Projects Without Borders: It's All About the Execution

January 2012


In today's global business environment, financial services institutions are facing an unprecedented degree of change. Key challenges that they struggle with include shifting global growth and wealth allocation trends, increased global trade levels, changing corporate and consumer demands, and rapidly evolving regulations. In response to these changes, financial institutions are identifying and investing in the opportunity to accelerate global initiatives.

Plans to globalize often struggle with execution, resulting in significant time or cost overruns or delivering only a fraction of the anticipated benefits. To reduce the adverse value impacts of sub-optimal execution, financial institutions should focus on the following four critical success factors:

  • Planning and governance—Includes linkage to the corporate strategy, establishment of a target operating model, sponsorship, stakeholder management, and other governance-related topics.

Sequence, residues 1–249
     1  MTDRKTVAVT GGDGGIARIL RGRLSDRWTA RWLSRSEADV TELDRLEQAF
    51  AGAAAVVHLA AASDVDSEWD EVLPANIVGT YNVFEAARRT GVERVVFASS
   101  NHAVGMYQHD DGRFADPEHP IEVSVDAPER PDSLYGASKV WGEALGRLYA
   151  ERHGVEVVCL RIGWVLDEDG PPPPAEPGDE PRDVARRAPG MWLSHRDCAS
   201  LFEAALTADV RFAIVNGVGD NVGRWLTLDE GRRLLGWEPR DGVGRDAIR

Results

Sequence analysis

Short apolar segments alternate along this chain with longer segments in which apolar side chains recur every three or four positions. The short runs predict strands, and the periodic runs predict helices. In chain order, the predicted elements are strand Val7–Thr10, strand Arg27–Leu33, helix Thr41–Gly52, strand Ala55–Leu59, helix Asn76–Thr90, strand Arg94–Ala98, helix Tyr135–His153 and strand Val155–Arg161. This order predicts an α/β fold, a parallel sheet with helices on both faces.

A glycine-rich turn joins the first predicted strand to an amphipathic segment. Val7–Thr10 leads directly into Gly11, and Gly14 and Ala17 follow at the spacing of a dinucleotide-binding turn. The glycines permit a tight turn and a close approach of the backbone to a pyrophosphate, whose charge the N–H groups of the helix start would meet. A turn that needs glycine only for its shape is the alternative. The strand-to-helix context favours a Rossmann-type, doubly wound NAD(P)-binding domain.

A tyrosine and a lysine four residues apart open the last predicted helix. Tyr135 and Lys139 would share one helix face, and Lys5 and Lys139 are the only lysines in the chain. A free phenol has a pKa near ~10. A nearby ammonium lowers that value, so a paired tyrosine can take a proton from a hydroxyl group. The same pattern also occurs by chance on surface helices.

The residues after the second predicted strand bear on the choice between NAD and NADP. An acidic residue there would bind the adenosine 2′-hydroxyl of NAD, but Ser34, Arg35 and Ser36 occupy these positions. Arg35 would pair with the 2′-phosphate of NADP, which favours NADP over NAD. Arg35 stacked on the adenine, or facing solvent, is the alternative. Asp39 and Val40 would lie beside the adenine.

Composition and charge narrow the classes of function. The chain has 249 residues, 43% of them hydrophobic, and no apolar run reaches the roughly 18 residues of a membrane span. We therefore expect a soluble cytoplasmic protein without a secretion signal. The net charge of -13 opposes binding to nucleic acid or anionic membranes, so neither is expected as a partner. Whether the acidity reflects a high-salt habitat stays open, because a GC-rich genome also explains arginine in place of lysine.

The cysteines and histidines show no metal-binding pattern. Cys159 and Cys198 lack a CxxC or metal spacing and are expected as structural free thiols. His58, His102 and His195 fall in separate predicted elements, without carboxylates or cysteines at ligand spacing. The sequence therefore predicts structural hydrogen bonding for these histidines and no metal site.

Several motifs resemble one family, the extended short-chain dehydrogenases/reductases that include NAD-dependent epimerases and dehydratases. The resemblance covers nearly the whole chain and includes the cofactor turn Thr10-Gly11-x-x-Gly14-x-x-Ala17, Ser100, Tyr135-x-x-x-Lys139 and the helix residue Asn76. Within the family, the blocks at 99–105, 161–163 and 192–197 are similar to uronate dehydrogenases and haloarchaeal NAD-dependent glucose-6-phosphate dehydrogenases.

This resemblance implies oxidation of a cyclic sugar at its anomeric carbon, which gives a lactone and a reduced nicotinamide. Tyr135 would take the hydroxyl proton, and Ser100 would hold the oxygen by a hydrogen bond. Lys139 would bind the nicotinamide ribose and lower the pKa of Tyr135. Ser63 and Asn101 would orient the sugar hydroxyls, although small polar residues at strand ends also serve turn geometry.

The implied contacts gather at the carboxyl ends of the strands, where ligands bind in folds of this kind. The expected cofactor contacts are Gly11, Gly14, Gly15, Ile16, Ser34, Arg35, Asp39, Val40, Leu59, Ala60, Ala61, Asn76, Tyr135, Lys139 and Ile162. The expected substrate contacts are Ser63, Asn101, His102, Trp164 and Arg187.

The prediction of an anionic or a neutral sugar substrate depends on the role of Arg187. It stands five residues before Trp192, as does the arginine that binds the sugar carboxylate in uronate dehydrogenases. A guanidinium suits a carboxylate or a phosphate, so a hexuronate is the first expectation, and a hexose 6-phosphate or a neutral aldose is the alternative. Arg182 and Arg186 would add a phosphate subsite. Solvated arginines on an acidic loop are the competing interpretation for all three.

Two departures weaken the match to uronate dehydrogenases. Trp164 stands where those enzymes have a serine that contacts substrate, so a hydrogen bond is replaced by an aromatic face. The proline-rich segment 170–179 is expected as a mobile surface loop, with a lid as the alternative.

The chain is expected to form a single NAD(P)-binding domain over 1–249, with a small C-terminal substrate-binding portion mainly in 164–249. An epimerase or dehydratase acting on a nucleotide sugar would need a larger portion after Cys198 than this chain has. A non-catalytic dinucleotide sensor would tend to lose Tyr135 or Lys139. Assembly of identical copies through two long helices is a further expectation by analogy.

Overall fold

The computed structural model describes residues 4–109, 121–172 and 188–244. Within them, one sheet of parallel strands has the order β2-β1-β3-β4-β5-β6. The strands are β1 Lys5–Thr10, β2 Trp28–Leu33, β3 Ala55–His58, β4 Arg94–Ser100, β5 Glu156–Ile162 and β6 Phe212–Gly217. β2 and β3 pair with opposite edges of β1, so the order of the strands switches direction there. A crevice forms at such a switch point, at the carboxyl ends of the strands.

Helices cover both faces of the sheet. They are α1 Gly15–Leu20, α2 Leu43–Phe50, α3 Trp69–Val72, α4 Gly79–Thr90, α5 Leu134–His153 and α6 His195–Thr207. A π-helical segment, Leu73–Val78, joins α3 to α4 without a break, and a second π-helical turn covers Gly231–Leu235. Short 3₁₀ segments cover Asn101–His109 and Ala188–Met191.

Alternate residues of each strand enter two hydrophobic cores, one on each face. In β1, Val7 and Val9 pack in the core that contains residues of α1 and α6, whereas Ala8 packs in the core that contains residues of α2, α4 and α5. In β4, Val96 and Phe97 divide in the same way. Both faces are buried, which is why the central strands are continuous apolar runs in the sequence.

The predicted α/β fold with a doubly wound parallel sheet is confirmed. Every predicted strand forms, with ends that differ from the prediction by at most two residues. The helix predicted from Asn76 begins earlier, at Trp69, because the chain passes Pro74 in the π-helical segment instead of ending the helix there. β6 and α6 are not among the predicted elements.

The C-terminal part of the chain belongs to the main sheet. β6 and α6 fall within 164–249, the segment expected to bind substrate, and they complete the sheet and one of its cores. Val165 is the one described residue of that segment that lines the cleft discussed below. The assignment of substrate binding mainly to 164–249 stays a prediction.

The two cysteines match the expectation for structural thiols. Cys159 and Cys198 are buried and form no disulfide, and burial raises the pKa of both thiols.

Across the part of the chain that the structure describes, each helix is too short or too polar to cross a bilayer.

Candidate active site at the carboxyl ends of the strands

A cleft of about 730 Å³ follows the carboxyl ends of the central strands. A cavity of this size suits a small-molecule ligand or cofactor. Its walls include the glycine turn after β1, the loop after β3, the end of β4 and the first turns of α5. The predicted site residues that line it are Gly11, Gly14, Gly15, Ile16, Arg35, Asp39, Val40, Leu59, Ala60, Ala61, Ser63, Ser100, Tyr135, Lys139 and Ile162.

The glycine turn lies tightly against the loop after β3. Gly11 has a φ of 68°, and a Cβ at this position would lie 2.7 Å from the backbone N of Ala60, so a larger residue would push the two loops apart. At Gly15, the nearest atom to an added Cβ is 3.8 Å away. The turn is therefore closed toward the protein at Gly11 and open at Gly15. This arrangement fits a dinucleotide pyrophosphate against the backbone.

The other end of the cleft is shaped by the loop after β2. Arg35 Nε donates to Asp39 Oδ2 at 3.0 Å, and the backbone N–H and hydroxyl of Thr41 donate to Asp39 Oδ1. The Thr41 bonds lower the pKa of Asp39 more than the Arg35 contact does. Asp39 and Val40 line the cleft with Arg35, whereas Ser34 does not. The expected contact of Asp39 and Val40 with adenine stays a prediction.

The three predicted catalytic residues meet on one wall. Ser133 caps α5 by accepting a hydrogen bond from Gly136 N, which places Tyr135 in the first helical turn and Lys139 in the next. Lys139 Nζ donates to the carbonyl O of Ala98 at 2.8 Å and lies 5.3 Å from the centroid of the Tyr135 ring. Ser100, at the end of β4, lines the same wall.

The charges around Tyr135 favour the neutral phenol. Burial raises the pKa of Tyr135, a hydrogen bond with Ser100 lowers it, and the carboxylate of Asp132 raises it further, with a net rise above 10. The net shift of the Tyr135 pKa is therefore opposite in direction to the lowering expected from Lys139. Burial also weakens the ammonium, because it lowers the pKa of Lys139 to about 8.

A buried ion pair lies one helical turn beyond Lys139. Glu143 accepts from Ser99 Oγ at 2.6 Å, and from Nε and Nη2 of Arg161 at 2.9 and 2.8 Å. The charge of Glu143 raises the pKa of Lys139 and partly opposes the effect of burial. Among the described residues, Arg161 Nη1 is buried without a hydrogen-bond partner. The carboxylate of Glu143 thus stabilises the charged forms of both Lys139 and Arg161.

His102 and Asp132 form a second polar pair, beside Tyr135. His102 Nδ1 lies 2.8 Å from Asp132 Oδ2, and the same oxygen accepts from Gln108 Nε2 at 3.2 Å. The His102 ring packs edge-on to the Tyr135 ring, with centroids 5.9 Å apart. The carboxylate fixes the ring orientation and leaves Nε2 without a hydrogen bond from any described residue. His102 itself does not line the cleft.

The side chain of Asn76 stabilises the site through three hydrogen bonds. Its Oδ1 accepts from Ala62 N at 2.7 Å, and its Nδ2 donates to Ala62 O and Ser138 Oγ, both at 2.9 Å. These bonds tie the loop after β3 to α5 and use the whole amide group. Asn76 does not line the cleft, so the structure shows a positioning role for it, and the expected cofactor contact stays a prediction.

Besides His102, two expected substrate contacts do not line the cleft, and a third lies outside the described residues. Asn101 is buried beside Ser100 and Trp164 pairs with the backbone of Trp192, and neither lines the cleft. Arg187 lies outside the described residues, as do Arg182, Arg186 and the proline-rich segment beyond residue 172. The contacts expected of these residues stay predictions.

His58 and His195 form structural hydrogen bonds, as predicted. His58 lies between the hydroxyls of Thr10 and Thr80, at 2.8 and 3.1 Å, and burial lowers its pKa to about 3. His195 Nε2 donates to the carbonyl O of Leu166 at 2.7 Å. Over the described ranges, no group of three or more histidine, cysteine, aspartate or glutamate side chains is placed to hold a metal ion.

• Standards and controls—Includes establishment of a global program management office, the creation and rigorous application of associated tools, and effective performance management.
  • Resource management—Includes establishment of an effective global program culture and various aspects of people management such as hiring, training, capacity planning, and mobility.
  • Project funding—Includes decisions around funding, business case development, cost allocations, tax and accounting implications.

These four critical success factors—together with an institutionalized execution capability—provide a framework for effectively managing large global initiatives


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Marie Carr
Financial Services Institute
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Cathryn Marsh
Financial Services Institute Leader
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